A new 25-year cooperation deal has been signed between the Charles Darwin Foundation and Ecuadorian government that will strengthen crucial scientific research and conservation efforts in the Galapagos archipelago.
The agreement, signed Thursday in Santa Cruz Island in the Galapagos archipelago, will secure the work undertaken by the Foundation through the globally renowned Charles Darwin Research Station.
“It (the agreement) highlights our commitment to using science and knowledge to create a greener modern economy that tackles social injustices and puts less pressure on the planet. Science is essential for ensuring conservation,” Ecuador Foreign Minister Guillaume Long said.
Under the deal the scientific station, founded in 1964, will deepen its work that specializes in improving understanding and preserving the unique flora and fauna found in the archipelago and the surrounding seas.
One of the terms of the agreement establishes that the state will have access to all the knowledge and information generated from research developed in the Station.
The scientific research will focus on areas such as global warming, the impact of human activity on the islands, the innovation of sustainable systems, and biodiversity.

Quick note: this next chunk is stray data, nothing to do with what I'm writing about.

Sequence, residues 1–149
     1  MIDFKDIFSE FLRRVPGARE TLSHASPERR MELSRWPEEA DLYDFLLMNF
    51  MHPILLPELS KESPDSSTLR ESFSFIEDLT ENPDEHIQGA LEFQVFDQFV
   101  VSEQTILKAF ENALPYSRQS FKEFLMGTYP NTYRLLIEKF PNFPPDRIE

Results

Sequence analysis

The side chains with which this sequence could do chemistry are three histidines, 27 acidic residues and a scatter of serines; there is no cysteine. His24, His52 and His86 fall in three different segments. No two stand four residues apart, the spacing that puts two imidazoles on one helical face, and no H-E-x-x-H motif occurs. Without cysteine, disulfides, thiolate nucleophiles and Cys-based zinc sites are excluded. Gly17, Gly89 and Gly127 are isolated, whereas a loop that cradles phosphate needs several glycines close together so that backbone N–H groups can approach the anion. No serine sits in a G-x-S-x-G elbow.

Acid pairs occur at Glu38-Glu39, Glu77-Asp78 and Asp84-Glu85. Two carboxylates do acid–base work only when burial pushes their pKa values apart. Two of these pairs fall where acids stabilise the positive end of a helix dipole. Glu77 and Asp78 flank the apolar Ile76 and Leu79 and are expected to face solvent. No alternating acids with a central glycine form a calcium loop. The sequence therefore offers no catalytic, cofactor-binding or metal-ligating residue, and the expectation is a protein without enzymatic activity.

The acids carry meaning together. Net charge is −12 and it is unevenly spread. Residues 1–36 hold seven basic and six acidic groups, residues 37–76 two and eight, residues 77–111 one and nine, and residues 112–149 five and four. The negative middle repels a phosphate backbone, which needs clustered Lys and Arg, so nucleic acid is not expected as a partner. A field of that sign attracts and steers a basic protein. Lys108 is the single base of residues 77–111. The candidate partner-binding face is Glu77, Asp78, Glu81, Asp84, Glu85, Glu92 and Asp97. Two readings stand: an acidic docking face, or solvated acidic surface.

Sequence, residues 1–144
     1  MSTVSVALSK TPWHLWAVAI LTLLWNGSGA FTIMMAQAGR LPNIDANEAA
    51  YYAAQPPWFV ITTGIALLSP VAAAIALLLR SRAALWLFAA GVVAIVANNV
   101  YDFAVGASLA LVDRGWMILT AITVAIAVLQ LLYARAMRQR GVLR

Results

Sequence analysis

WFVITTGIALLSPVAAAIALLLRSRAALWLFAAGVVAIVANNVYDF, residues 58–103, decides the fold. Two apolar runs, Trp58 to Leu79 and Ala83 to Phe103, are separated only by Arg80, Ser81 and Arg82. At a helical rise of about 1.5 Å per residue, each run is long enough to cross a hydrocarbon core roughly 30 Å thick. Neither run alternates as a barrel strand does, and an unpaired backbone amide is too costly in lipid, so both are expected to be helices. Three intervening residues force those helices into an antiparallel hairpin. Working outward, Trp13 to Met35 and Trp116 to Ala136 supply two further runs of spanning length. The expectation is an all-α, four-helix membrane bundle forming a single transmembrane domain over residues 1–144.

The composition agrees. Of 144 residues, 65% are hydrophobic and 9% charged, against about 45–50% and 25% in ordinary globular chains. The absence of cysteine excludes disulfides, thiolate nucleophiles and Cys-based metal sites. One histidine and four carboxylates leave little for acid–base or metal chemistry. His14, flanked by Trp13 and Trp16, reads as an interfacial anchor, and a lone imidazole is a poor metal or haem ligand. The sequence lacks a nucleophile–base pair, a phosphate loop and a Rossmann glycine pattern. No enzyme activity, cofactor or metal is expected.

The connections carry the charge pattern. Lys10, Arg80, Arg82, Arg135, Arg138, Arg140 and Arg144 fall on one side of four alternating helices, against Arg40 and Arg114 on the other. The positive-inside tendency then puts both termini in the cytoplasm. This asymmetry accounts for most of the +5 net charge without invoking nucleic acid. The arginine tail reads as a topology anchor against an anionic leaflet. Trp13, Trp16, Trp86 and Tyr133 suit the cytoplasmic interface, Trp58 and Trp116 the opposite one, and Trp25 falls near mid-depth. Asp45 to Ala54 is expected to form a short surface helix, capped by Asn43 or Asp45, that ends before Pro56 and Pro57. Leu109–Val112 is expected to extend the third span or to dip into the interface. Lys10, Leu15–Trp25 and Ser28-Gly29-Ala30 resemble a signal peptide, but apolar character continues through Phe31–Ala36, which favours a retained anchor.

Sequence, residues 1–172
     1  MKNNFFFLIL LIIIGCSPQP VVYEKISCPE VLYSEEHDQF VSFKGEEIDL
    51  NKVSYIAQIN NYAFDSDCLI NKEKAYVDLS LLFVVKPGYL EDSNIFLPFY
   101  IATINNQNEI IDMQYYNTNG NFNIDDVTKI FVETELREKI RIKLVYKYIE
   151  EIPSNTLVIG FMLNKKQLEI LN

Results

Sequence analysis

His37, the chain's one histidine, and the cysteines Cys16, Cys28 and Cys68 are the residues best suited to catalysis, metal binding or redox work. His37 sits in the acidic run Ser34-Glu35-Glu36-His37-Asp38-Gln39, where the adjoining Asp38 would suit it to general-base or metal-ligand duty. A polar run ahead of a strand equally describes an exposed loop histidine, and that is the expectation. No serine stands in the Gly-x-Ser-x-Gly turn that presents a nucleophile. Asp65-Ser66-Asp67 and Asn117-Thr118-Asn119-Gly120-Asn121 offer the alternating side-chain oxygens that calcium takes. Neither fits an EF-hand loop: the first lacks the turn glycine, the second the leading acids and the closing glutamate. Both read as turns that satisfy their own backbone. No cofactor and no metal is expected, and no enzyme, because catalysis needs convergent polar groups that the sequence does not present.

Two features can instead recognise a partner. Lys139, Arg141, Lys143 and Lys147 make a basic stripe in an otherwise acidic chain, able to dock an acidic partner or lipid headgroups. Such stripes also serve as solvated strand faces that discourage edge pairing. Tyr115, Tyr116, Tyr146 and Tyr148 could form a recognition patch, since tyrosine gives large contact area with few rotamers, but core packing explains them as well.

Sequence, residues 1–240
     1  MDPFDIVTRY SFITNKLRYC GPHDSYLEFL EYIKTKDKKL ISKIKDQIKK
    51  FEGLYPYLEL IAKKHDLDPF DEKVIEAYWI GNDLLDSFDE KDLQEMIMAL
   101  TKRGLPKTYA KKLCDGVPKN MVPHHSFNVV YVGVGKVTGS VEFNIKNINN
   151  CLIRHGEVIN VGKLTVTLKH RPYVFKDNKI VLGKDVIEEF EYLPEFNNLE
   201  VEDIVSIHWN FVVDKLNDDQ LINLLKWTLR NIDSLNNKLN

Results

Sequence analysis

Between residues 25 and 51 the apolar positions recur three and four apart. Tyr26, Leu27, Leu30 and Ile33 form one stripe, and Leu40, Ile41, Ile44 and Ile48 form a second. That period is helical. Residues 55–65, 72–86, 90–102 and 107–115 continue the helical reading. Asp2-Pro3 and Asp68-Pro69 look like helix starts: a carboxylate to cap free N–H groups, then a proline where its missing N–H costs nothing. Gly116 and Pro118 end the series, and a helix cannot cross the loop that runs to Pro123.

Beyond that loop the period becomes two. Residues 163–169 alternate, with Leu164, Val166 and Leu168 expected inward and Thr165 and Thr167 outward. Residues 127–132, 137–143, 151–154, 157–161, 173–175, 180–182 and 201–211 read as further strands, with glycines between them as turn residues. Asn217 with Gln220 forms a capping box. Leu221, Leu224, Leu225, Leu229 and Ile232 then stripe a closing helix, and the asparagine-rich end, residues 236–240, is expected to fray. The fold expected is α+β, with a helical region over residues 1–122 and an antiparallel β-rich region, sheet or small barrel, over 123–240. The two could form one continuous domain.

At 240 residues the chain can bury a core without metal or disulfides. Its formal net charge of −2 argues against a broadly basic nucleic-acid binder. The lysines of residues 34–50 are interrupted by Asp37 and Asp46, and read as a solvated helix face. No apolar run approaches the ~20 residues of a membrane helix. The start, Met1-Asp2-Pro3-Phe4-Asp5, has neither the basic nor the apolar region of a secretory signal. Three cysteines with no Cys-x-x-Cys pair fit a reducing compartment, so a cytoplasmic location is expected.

"It is an honor to be part of the historic moment of this agreement," said Director of the Charles Darwin Foundation Arturo Izurieta. "Science like music is universal and we are focusing on the generation of excellent science for the conservation of the natural resources of this World Heritage Site of the Galapagos archipelago.”
The deal to extend the work undertaken by the Charles Darwin Research Station is part of the emphasis given to academic research by the Ecuadorean government as it seeks to move away from a primary export economy to a more high tech, high skill, knowledge-based economy.
In recent years, the state has worked with several environmentalist non-profits to double the size of conservation areas and intensify efforts in the marine reserve, a UNESCO World Heritage Site.
Some 95 percent of the territory's 8,000 square kilometers is part of a protected area that is home to more than 50 species of animals and birds found nowhere else on the planet.